Young mum, Nunek Handayam, thought it was safe. After the magnitude 6.4 earthquake cracked the roof of their house on 29 July, Nunek, her husband, their young sons and her mother all moved out to camp in the garden. As the aftershocks become less severe, the family moved back into their house.
But one week later, as Nunek made dinner outside, a 6.9 quake struck. Frightened, her four-year-old, Fakeh Khairil Rohman, ran to her. He wasn’t fast enough. A wall of their house crashed down on him, completely burying him.
“It was a long time before we found him under the rubble. I was hysterical, crying and screaming. I thought he was dead,” says Nunek Handayam.
When he emerged, his eyes were closed, and he didn’t seem to be breathing.
Remembering CPR from videos and books, his mother began to do chest compressions and mouth-to-mouth. After three sets, he showed signs of coming around but it was hours before he made a sound again.
Fearing more quakes, the family, including 10-month-old baby Ahmad Farid Ismail, spent a cold, restless night in dry rice paddy fields. They noticed Fakeh’s upper leg was swollen and he couldn’t move it. In the morning, his father, Ahmad Rifai, fearing the femur was broken, stabilised it with a splint of bamboo and string.
Dangiang, in North Lombok, is in the area worst affected by the double disaster and hundreds of aftershocks. Not a single house or building in the village of 1,240 families and about 5,000 people remains standing.
Nunek’s family spent several nights in the family’s pickup truck, using the tyres to absorb the earth’s convulsions. Then they moved to a tarpaulin shelter with some other families, and a man who seemed to have cracked his pelvis. They salvaged some items and extended family gave them food.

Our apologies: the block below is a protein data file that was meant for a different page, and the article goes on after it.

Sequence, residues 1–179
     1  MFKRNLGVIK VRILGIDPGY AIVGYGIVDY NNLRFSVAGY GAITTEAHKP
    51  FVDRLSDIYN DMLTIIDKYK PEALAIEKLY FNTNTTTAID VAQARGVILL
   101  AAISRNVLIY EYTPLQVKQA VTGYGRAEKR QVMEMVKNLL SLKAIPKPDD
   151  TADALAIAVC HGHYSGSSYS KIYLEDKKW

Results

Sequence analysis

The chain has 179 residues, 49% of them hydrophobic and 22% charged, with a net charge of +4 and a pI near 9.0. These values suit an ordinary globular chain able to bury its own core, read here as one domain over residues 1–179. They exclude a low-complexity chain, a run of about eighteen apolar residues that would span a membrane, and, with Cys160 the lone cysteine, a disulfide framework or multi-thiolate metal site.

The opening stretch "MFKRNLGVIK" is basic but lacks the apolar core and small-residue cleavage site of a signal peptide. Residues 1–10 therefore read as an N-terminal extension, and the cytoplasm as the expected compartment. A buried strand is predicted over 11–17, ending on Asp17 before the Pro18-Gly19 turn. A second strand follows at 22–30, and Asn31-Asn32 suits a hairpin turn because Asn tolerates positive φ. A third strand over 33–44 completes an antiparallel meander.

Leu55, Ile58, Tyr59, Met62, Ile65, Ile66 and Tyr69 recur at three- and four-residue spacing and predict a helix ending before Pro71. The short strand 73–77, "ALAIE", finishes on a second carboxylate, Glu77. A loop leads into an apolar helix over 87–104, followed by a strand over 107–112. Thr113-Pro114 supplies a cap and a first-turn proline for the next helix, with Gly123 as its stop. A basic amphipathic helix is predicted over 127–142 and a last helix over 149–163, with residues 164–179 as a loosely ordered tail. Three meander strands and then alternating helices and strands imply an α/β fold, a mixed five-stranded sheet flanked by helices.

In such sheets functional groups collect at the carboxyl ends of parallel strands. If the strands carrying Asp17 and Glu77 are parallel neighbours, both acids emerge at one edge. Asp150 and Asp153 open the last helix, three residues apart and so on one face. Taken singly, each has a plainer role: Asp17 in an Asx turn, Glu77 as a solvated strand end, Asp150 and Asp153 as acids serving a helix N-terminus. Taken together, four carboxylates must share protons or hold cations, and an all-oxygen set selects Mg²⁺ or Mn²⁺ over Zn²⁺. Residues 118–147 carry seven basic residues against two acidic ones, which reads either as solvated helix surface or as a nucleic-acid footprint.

Fakeh was lucky. An Indonesian Red Cross medical team examined his leg, found he’d dislocated his knee and were able to help him on the spot. They asked the family to bring the youngster to hospital to check everything was OK but the family didn’t want to leave the village. Instead, the Red Cross health team promised to return soon. They transported the man with a pelvic injury to hospital.
Meanwhile, other members of the Red Cross team fanned out across the village to assess damage and needs, distributed sleeping mats and tarpaulins, and erected a model emergency shelter to demonstrate how people could build light, earthquake-resistant shelters that offer more privacy, space and security. A team of volunteers and community members began clearing debris, while volunteers from another province occupied and entertained children with songs, conducted basic schooling lessons and played football made out of plastic wrapped around a rock.
The race to reach remote communities
Fakeh and his family are exactly the sort of people who worry Arifin Hadi, Head of Disaster Management for the Indonesian Red Cross or Palang Merah Indonesia.
“The Red Cross is getting reports that people living in remote areas need food, water, shelter, clothing and medical care but haven’t been reached by anyone.”
In some cases, access has been blocked by damaged bridges, landslides, fallen trees or huge cracks in the road. But roads are being opened up – sometimes haltingly if an aftershock brings more obstacles.
“It’s tempting to first help people camping by the side of the main road. We can see their damaged houses. But what about people further away? They are almost invisible. We’re keen to reach everyone but we’re particularly worried about children and older people,” says Arifin Hadi.
On Friday 10 August, the Indonesian Red Cross team set off with emergency supplies to reach villages even more remote than Dangiang, requiring an overnight stay. The aim is to bring life-saving aid, perhaps for the first time in nearly a week.
by Rosemarie North, IFRC